Universal has the ambitious goal of producing 95% non-petrochemical sourced fiber content by 2020; it is on track to reach the intermediate goal of 70% by 2015. The firm reports a greater than 20% reduction in operating scrap, resulting in a reduction in electrical energy consumption per unit of fiber made.

Sales of DuPont’s Sorona, with 37% bio-based content, have shown good growth in tough times, with sales increases in the double digits. DuPont is continuing to expand capacity for Sorona production. In addition to its partnership with Mohawk, Sorona is offered through Pharr Yarns. Global partners include Godfrey Hirst in Australia.

This year saw DuPont’s acquisition of Danisco, a Danish company. One of Danisco’s subsidiaries is Genencor out of Palo Alto, California. A new business unit, DuPont Industrial Biosciences, was created out of the integration of DuPont’s own biofiber operations with those of Genencor, With the addition of Genencor’s technology, DuPont expects to be a catalyst for more innovation in the flooring industry.

Invista is expanding the reach of its TruBlend solution-dyed fiber by increasing capacity at its plant in Kingsport, Ontario and adding new sources of post-consumer recycled content. It’s currently offered in a limited colors, but Invista’s goal is to increase recycled content over time across the full Lumena palette. TruBlend currently contains 25% post-industrial and 5% post-consumer recycled content.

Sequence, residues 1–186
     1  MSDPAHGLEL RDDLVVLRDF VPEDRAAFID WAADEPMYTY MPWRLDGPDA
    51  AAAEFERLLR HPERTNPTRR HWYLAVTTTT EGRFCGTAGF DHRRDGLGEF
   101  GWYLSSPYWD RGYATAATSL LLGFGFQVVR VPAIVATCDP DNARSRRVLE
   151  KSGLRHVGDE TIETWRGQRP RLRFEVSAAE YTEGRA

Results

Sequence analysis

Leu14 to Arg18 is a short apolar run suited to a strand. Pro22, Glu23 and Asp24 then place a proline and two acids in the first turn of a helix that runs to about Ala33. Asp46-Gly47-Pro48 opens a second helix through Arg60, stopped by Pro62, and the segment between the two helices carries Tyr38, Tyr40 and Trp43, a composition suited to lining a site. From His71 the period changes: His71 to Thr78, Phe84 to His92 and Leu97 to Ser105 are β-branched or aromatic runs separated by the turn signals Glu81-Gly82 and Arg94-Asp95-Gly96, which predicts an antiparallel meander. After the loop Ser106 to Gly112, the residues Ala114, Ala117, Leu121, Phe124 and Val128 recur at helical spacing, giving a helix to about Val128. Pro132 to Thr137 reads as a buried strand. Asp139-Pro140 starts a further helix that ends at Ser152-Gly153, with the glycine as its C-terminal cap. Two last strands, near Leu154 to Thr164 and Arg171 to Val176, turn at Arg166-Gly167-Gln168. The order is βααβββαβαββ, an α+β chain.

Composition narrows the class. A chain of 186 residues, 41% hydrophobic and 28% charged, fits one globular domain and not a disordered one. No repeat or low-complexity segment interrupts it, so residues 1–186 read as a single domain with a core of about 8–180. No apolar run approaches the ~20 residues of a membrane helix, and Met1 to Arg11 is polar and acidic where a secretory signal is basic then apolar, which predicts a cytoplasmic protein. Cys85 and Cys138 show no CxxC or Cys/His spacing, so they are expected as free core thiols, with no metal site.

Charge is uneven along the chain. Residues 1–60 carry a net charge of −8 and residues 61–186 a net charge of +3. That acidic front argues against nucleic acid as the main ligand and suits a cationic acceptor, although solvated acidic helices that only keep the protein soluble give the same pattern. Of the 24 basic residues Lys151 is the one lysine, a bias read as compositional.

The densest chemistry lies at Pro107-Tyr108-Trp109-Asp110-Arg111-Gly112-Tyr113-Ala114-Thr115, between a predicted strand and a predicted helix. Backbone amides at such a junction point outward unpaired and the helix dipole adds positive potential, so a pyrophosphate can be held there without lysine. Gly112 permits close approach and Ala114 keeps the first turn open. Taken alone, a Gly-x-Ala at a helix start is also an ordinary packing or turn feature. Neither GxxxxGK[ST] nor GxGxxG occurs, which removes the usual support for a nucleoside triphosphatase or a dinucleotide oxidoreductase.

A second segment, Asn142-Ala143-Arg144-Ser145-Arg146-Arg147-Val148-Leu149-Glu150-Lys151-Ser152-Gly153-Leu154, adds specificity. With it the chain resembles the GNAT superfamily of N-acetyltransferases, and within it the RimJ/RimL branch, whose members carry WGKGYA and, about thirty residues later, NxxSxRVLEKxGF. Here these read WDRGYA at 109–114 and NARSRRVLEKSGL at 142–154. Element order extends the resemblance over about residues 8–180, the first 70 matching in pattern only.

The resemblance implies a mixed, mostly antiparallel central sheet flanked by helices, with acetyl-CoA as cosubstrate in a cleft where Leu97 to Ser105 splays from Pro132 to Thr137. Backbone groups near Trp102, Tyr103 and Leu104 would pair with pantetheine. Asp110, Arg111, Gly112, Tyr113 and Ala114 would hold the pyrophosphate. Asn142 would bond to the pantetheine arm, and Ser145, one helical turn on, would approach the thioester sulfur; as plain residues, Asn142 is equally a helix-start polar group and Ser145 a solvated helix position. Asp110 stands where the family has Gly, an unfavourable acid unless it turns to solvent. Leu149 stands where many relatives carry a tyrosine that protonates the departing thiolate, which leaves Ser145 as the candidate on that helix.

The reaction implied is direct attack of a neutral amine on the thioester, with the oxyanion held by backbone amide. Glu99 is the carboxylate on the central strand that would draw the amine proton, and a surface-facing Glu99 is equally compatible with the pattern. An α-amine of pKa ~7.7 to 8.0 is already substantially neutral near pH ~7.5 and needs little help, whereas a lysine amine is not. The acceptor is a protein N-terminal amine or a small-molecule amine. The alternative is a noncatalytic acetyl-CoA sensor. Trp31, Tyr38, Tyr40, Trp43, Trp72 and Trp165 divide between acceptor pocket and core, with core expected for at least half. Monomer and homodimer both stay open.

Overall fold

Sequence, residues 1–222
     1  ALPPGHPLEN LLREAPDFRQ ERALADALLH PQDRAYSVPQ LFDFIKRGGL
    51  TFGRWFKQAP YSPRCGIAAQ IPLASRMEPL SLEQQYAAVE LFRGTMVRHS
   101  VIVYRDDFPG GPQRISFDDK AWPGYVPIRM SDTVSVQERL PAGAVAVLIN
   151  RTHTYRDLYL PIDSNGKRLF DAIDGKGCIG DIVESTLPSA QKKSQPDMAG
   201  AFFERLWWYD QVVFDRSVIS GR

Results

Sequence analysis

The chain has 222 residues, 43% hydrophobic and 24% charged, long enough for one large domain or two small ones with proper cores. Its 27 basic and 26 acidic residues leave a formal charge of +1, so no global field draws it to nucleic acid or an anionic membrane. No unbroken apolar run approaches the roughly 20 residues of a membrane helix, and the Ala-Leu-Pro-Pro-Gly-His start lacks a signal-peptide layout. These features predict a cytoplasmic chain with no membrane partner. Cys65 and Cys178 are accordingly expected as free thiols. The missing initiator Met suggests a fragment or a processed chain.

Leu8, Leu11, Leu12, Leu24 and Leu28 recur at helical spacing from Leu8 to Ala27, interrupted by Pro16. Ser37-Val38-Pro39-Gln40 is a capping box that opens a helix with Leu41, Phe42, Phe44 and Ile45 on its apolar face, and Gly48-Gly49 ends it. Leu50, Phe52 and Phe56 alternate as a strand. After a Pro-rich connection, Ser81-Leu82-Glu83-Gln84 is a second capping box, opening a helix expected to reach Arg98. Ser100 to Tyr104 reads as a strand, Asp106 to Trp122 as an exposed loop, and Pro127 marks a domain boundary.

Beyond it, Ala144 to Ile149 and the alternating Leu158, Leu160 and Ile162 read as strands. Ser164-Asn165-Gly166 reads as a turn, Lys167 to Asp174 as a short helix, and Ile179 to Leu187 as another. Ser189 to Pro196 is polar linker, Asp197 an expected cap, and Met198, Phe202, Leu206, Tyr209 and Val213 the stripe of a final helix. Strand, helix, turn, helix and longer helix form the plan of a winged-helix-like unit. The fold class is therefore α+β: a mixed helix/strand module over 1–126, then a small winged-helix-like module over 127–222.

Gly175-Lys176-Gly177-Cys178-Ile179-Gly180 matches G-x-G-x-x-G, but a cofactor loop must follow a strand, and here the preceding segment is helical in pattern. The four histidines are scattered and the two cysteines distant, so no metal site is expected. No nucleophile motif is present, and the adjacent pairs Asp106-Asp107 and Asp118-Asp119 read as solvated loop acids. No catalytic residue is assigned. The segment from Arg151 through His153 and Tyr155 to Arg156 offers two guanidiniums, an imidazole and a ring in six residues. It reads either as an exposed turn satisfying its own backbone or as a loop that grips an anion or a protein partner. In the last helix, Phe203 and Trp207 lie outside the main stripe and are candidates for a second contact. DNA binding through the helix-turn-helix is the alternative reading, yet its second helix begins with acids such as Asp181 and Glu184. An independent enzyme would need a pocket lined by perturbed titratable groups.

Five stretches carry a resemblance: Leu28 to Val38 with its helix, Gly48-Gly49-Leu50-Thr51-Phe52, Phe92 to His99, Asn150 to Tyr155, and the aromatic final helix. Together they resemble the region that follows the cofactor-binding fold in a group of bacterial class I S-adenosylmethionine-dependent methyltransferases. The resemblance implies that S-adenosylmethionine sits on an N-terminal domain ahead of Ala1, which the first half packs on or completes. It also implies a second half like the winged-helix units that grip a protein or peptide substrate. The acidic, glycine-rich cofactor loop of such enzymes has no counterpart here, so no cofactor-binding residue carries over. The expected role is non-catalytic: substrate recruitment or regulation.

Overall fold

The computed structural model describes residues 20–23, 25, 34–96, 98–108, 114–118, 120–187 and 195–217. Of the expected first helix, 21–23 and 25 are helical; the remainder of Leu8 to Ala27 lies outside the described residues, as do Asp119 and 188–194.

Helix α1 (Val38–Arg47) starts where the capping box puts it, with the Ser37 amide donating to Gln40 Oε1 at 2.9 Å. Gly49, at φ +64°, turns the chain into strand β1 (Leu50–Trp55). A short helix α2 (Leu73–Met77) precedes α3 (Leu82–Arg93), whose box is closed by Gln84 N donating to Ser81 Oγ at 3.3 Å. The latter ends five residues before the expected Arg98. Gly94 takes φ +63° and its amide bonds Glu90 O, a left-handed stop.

With the launch of BioLegacy, Invista was the first company to bring bio-based materials in synthetic nylon to the commercial marketplace. The next stage in its bio-materials journey will result from its R&D efforts involving intermediate chemicals.

Invista has recently unveiled a new technology for producing adiponitrile, a key ingredient in the production of nylon 6,6. The new technology will improve product yields, reduce energy consumption, lower CO2 emissions, enhance process stability, and reduce benzene.





The Carpet America Recovery Effort went back to the future this month as it named Bob Peoples executive director. He replaces Georgina Sikorski, who resigned the post in April after three years on the job.

Peoples was CARE's first executive director from 2004 to 2008. He's leaving the American Chemistry Council, where he served as executive director of the Green Chemistry Institute.

Peoples returns to an organization that has grown substantially in his absence. CARE's 2008 annual report lists 50 members. Last year the non-profit grew to over 400 members, an increase of 17% over the previous year. In 2008 the organization diverted 292 million pounds of carpet from the landfill, recycling 243 million pounds, while last year's total was 333 million pounds diverted, a 1% decline from 2010. Of that total, 250 million pounds were recycled back into carpet or other products.

The organization has also seen its stature grow. CARE, the only non-profit dedicated to carpet recycling, began its service as the stewardship organization for California's new carpet recycling law, which imposes a 5¢ fee on every yard of carpet sold in the state. Among its many responsibilities, CARE has to collect and distribute the funds and essentially make sure the program works. California could become a model for other states. In the second half of last year, 80 manufacturers were participating in the stewardship plan, and 60 million pounds of carpet were kept out of landfills, a diversion rate of 15%.

CARE says that since 2002 its members have diverted 2.3 billion pounds of carpet.

Copyright 2012 Floor Focus 

Related Topics:Interface, Mannington Mills, Karastan, Shaw Industries Group, Inc., Lumber Liquidators, Mohawk Industries